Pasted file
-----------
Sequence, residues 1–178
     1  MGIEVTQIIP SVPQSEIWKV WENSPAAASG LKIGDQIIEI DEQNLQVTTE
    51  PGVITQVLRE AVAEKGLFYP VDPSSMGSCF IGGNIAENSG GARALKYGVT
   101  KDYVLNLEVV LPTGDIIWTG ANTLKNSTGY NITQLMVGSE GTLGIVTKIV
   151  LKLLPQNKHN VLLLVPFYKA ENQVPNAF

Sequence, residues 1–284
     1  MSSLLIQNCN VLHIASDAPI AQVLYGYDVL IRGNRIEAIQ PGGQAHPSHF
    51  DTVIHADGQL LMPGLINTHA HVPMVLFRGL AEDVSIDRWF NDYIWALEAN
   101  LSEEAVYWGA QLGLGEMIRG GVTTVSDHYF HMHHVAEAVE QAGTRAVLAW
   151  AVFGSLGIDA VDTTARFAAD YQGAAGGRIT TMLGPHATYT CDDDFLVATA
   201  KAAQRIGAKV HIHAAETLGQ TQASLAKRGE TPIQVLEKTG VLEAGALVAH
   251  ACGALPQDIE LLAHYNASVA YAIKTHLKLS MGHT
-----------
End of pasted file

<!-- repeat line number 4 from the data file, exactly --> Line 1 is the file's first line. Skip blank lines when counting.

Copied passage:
   101  KDYVLNLEVV LPTGDIIWTG ANTLKNSTGY NITQLMVGSE GTLGIVTKIV